Key Milestones (months)


Babies are becoming more interactive communication partners – maybe pointing, passing toys or holding up something to show you.


A baby may try to copy your words as well as use some of their own e.g. ‘mama’, ‘dada’….’no!’


With a vocabulary of 5-20 words or more, your toddler will enjoy using verbal means to get their message across...’ball’!


Many children will have 50+ words by now and start to link 2 words together ‘more milk!’


It is important to remember that children will develop language at different rates.  At this stage, children will typically start to talk.  Words may not start off as clear yet, however very familiar people will be able to understand those first words.  Babies first words are often the words they hear a lot, such as ‘bye-bye’, ‘no’, ‘more’, ‘doggy’.  Between 12-24 months, your child’s vocabulary may grow to around 5-20 words at 18 months and 50+ words by 24 months. Words at this stage are often single words, and towards 24 months they may start combining 2 word to form short phrases such as ‘more milk’, ‘doggy gone’ and ‘bye bye Dada’.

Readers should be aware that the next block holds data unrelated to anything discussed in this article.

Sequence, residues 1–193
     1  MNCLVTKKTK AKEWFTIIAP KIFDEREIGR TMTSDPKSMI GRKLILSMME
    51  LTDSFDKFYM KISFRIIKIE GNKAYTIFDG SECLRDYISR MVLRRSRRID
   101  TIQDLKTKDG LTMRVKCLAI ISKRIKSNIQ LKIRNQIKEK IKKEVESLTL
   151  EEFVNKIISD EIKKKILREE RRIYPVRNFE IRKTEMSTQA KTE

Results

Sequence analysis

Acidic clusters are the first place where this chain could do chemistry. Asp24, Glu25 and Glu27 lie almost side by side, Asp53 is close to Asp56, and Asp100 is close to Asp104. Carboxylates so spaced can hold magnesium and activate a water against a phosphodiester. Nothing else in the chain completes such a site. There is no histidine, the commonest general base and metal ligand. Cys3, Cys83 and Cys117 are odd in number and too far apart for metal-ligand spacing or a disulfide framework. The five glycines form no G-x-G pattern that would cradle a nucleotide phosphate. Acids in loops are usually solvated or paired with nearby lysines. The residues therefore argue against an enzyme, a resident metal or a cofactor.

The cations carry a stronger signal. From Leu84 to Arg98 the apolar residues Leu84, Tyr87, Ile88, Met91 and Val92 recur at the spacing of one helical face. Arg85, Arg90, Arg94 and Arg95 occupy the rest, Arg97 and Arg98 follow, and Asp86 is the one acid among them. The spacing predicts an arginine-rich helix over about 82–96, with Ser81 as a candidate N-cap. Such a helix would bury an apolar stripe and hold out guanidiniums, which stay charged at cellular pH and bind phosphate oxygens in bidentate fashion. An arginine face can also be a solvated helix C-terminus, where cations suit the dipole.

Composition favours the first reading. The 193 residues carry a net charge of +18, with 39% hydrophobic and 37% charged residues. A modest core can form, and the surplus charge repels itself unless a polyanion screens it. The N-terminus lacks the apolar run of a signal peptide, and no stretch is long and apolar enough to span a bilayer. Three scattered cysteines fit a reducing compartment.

At this stage, your child will be able to understand simple key word instructions such as ‘where is your nose?’, and at around 24 months, their comprehension increases to understand two key word instructions e.g. ‘give the apple to teddy’

Chalk wall


There are lots of things you can do to help your child at this stage.  Take time to listen to the sounds and words your child uses to figure out what they are trying to tell you, then say the word back so they can hear the name of the item clearly.  Sing nursery rhymes with actions, label the items they point to, look at books together and use single words and short sentences to label and describe pictures.  ‘Ready, steady, go!’ games with bubbles, balls, and enjoyable physical actions such as tickles will also be really fun.  Talk to your child to describe what you are doing or what you can see when you are together e.g. “let’s change your nappy”, “that’s a furry dog”, “mummy is putting shoes on”.  Any opportunity to talk to your child about what they can see will help them connect words to the world around them.

Help & support

Your health visitor can provide a great deal of support and is a good person to sense check things with in the first instance. Children’s speech, language and communication development also benefits from interacting and playing with others their own age, so we highly recommend inducting in playgroups and activity sessions designed to enhance child development.

Child Reading
General training


Discover our range of free online language resources offering tips you can easily apply with your child at home.

Child outdoors playing


Advance your knowledge of speech, language and communication development and ways to support your children’s skills by attending one of our events.